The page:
xml:space="preserve">
xml:space="preserve">
Advertisement
Advertisement

Anne Arundel commemorates Leroy Perry 40 years after he was fatally shot by county police officer

People’s Park was overflowing with attendees hugging as music about peace and unity blasted in the background to commemorate Leroy Perry 40 years after he was fatally shot by an Anne Arundel County police officer.

People bowed their heads as Bishop Antonio Palmer led a prayer honoring Perry to open the service in Annapolis Tuesday, where an announcement was made that a plaque would be dedicated to him there.

Advertisement

“Lord, we thank you for the strength through the years that you have given to this family,” Palmer said. “Not everybody has experienced the same tragedy that they have experienced and had to carry the burden and the pain that they have to carry.”

Wanda Brown, Perry’s daughter, said there has been a void in her family since her father was killed on Ritchie Highway in 1981. He’s been missed at family reunions, the birth of grandchildren and great-grandchildren. She was 21 years old and vividly remembers the pain and disbelief she experienced when she found out a police officer killed her father.

Advertisement
Advertisement

“I couldn’t believe it, it’s like a dream, it takes a long time to process,” Brown said.

Although Brown was herself grieving and coping with her father’s death, she was especially concerned about her family as she is the eldest daughter.

“My concern was my mother,” Brown said. “My mother never took sick leave while we were growing up, my mother went to work. It was the first time since 1956 to 1981, when my father got killed, my mother took sick leave.”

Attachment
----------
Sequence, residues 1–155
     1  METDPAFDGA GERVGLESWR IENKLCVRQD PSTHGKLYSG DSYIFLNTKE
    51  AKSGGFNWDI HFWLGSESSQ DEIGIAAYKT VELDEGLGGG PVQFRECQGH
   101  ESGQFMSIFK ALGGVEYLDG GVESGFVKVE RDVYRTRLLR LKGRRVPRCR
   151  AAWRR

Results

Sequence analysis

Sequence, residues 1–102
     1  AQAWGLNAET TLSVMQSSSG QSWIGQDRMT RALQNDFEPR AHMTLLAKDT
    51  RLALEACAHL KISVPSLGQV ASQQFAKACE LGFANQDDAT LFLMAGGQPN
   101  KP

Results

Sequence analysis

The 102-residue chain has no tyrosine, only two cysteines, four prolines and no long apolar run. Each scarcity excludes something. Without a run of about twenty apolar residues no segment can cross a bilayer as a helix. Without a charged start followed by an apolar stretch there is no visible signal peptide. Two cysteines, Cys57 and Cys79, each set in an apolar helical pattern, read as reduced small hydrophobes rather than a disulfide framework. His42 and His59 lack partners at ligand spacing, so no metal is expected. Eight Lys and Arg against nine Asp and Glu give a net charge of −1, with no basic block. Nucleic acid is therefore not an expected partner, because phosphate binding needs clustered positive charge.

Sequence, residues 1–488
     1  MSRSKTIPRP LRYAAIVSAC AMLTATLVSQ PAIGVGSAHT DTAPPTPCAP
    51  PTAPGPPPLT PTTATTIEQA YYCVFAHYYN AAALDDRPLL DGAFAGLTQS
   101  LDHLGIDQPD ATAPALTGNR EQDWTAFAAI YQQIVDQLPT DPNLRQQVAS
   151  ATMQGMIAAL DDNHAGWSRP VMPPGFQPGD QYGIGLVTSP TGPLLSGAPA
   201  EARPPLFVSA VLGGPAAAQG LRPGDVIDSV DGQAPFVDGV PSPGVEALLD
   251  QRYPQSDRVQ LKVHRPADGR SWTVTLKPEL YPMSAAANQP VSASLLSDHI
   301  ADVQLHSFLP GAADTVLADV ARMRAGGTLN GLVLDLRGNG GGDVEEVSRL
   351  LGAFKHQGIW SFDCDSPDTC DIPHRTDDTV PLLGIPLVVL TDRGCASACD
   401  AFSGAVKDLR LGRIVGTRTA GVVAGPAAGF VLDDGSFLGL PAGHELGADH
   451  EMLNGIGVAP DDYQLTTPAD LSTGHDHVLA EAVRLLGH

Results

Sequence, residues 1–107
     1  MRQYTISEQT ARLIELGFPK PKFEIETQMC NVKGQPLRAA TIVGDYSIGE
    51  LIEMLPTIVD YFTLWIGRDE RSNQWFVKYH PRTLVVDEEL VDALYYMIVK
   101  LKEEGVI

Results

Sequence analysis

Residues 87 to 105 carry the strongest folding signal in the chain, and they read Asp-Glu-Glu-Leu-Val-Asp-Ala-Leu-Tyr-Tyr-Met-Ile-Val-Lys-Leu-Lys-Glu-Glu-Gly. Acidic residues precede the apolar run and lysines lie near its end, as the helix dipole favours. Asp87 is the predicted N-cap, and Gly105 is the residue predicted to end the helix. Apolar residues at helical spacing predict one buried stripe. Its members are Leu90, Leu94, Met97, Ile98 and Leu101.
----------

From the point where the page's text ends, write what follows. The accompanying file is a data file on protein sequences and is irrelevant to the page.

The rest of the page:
Perry, 48 years old at the time of his death, was a father of six and a husband to his wife of 22 years. He was on his way home from work when he was stopped by police for a traffic violation and shot twice.

Advertisement
Leroy Perry was killed by an Anne Arundel County police officer during a 1981 traffic stop. The officer was later exonerated on charges.
Leroy Perry was killed by an Anne Arundel County police officer during a 1981 traffic stop. The officer was later exonerated on charges. (Capital Gazette Staff / Capital Gazette)

Due to the high publicity of Perry’s case, the jury was moved to a town in Western Maryland, which was predominantly white. An all-white jury deliberated for less than an hour before acquitting the officer of manslaughter.

“It was like a circus when it was transferred to Oakland, Maryland, because people had come out and actually acted physically and verbally said that they had never seen people of color,” Brown said. “They came out just like we were all in a zoo on display to come to see people of color.”

County Councilwoman Lisa Rodvien, D-Annapolis, was in attendance to the service Tuesday and expressed hope in the changes the county is implementing, such as body-worn cameras, to prevent future incidents and hold police officers accountable. Training for body-worn cameras began this month and all officers in the county are expected to be fully trained by October.

“There have been some important improvements and I really thank our Maryland General Assembly for taking important steps to make sure that we can prevent sorrow and tragedies like this going forward,” Rodvien said.

Perry’s death sparked demonstrations in protest of police brutality, and 39 years later people took to the streets again to protest the killing of George Floyd by Officer Derek Chauvin in Minneapolis in May 2020.

Brown said she does not feel Chauvin received enough prison time for his role in Floyd’s murder. Chauvin was sentenced to 22 years.

Just as she was in disbelief when she heard the verdict for Chauvin, she had the same feelings when the officer was acquitted in her father’s death.

Now a plaque in People’s Park will honor her dad’s memory. President of the Anne Arundel County NAACP, Jacqueline Boone Allsup, thanked the Anne Arundel County Human Relations Commission for approving the plaque.

“We encourage you to continue this good work because the journey toward justice continues,” Allsup said. “The road is long, but we are not tired and we’re not giving up.”

Recommended on Baltimore Sun

Advertisement
Advertisement
Advertisement
Advertisement
Advertisement
Advertisement
Advertisement